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Thread: The Fundamental Forces of Nature Question

  1. #1 The Fundamental Forces of Nature Question 
    Forum Freshman Deno's Avatar
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    Hey everyone, I'm trying to get more of a grasp on the fundamental forces of nature. So if anyone is interested, could you write down your explanation of each force. I am looking for quantum definitions (using words like particles, protons, neutrons, electrons, and energy may help me).

    Please add 'What it does, also why and how it does what it does'. Do not feel confined to write small definitions, if that is what you wish to write go ahead, but I am willing to read all anyone has to write on this.
    Thanks in advance!


    Gravity..

    Electromagnetism..

    The Strong Force..
    +The residual strong force

    The Weak force..

    EDIT: If you have vast knowledge of only one or two of the above forces, then you are fully welcome to share information on only those.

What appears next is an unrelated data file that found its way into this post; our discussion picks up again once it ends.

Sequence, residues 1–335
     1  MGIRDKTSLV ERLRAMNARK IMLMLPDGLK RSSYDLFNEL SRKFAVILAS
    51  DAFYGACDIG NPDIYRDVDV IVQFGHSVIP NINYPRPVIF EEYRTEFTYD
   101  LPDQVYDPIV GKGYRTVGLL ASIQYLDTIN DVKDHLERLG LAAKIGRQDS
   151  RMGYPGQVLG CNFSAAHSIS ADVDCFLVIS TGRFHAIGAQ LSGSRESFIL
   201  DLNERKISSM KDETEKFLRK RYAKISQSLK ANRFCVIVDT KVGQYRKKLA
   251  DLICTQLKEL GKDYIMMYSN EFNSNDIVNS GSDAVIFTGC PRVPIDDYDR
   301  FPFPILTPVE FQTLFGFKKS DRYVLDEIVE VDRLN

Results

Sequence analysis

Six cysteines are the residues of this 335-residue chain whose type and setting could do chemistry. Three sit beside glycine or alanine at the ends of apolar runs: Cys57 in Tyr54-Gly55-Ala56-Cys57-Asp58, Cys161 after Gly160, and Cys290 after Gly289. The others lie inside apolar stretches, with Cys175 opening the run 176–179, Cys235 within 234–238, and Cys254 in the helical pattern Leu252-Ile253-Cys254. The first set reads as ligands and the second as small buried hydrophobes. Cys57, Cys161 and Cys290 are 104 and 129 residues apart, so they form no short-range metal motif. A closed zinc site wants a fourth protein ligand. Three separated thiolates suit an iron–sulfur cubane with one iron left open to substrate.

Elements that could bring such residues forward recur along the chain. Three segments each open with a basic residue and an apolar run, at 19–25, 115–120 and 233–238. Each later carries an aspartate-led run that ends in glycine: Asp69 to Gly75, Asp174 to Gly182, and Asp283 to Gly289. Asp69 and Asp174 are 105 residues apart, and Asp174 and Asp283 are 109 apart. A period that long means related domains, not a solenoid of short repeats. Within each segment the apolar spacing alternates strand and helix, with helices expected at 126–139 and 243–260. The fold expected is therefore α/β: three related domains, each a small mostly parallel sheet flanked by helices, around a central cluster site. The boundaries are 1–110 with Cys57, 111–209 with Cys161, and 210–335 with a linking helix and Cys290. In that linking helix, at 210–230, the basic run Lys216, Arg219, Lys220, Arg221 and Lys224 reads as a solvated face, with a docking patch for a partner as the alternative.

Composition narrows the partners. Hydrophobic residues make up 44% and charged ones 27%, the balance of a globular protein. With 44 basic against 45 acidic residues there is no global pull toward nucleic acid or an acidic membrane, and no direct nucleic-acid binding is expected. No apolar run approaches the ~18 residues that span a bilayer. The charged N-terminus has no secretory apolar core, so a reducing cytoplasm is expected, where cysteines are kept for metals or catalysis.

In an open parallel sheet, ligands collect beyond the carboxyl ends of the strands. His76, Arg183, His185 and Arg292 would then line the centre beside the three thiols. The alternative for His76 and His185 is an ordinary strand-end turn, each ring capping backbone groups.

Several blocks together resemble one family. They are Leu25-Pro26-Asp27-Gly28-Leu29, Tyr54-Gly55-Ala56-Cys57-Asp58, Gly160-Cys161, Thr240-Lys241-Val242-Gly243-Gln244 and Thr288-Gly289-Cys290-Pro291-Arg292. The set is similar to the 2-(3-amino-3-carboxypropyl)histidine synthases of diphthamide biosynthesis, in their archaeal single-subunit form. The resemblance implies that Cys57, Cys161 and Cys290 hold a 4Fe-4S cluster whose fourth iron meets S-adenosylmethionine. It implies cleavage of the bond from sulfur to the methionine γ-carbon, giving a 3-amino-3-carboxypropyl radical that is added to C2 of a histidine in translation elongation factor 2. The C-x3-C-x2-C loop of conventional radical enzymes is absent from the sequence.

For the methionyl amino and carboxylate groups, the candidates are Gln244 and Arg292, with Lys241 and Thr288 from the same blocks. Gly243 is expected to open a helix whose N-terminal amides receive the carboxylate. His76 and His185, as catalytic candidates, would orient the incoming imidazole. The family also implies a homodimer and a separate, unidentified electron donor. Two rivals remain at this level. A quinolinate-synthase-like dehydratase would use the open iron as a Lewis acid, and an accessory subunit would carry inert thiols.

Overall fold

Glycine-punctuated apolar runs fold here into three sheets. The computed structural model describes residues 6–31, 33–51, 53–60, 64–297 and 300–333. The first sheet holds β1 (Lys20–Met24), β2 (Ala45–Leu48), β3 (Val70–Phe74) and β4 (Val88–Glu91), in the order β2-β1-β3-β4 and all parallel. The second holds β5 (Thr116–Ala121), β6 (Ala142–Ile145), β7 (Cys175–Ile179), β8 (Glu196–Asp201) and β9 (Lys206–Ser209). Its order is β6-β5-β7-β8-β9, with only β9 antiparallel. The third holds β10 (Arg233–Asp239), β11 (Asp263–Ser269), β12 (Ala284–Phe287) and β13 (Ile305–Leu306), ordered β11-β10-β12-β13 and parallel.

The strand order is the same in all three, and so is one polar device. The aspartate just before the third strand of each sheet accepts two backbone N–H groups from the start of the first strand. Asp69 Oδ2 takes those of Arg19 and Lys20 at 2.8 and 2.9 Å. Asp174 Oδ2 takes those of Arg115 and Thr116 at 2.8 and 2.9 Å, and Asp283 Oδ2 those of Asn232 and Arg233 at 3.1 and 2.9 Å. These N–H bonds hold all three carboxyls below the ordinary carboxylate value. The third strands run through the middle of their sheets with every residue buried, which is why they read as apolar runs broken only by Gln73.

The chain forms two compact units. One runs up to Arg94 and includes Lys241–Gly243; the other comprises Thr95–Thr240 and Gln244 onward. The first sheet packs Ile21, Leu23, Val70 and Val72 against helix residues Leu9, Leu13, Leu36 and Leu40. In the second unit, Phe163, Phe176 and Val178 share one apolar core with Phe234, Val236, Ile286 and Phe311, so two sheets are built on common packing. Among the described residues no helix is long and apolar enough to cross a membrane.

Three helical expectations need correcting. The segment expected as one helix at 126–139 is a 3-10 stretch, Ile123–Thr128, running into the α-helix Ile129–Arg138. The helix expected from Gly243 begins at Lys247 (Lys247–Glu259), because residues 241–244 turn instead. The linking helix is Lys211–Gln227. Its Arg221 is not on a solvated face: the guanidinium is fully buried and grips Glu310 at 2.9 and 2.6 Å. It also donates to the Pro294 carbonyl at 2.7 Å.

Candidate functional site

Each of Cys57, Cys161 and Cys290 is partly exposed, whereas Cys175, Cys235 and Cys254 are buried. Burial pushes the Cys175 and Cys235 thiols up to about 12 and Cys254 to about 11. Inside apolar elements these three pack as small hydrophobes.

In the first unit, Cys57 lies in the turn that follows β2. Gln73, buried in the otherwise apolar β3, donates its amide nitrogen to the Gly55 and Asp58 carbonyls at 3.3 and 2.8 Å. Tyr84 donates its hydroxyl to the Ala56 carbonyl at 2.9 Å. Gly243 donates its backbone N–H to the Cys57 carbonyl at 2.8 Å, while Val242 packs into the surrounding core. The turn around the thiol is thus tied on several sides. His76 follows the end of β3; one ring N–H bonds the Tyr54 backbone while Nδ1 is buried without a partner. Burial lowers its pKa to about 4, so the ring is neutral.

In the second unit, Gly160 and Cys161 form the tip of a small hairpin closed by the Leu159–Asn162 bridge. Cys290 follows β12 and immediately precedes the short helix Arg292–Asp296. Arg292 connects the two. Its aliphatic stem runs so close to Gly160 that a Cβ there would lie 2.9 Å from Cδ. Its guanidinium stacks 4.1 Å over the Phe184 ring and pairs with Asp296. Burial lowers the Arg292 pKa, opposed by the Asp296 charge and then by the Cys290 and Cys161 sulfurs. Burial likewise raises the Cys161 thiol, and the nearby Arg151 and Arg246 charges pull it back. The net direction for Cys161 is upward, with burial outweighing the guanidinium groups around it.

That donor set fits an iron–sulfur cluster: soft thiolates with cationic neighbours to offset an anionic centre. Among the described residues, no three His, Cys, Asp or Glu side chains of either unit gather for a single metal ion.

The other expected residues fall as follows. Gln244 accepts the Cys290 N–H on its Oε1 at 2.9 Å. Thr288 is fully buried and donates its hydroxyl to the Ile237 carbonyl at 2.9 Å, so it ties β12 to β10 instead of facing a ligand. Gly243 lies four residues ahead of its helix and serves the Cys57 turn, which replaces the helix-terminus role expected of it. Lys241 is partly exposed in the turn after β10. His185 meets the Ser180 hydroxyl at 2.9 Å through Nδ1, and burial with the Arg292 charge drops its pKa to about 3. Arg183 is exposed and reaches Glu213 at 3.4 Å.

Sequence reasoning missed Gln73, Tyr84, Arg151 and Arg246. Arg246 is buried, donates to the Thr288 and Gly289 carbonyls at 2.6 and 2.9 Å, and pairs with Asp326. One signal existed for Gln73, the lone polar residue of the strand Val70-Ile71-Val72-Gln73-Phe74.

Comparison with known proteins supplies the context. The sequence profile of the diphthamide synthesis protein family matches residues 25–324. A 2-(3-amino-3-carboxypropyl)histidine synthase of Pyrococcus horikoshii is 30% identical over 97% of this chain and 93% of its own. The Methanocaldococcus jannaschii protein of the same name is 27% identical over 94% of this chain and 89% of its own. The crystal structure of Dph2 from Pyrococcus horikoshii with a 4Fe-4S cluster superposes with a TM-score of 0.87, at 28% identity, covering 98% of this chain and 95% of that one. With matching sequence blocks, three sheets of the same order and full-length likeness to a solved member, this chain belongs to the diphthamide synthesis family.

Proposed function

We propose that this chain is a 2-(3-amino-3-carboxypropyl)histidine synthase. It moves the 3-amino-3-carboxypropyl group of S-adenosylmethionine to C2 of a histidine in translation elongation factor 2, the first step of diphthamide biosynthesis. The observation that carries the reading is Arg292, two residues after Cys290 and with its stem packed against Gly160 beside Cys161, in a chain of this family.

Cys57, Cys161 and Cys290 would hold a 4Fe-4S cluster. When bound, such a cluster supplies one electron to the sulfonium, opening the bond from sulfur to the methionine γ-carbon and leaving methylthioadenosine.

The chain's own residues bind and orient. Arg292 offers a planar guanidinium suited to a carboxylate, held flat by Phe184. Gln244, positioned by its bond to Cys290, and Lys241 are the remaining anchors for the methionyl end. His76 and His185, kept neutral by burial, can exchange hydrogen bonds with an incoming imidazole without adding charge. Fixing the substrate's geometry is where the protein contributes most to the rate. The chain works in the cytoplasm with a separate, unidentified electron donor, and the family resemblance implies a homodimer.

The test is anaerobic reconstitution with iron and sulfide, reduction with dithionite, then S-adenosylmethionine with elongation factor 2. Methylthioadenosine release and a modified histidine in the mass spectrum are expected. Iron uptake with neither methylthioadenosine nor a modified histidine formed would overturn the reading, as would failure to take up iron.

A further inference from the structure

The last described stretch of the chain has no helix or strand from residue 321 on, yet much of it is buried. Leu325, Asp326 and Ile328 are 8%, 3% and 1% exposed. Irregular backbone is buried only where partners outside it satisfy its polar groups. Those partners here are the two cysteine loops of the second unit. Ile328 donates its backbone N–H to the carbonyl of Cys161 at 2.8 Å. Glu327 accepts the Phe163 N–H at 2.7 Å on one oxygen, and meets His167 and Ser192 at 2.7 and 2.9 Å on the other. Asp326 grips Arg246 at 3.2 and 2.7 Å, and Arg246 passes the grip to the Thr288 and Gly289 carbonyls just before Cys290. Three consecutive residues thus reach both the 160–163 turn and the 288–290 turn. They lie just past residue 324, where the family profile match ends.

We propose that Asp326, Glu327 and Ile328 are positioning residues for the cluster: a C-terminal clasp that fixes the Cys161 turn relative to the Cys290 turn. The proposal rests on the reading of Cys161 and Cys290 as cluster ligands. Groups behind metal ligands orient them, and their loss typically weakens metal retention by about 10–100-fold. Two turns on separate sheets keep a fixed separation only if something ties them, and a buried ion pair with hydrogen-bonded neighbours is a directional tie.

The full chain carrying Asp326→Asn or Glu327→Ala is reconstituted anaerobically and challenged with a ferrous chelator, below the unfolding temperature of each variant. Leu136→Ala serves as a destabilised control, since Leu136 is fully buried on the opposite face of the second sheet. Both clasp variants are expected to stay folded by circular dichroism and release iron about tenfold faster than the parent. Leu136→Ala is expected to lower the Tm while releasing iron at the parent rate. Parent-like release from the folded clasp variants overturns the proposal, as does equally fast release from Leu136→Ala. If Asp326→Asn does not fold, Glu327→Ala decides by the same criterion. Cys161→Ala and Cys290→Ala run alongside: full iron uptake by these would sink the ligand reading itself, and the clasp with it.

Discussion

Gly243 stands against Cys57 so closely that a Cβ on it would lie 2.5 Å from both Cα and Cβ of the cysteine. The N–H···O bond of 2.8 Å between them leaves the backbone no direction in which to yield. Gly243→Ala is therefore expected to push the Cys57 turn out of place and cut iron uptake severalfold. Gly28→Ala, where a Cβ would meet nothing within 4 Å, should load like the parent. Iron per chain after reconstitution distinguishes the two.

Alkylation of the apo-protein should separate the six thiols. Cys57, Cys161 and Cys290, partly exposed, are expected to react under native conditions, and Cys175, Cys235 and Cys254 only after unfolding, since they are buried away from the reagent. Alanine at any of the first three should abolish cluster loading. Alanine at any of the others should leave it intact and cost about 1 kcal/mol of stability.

Last edited by Deno; October 4th, 2012 at 03:16 PM.
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  3. #2  
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    Fundamental interaction - Wikipedia, the free encyclopedia

    Try google to get more references.


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  4. #3  
    Forum Freshman Deno's Avatar
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    I should have added. Do not give me links like wikipedia and such, I have read all of them.

    I am looking for different explanations of the forces, the slightly different ways different individuals explain them.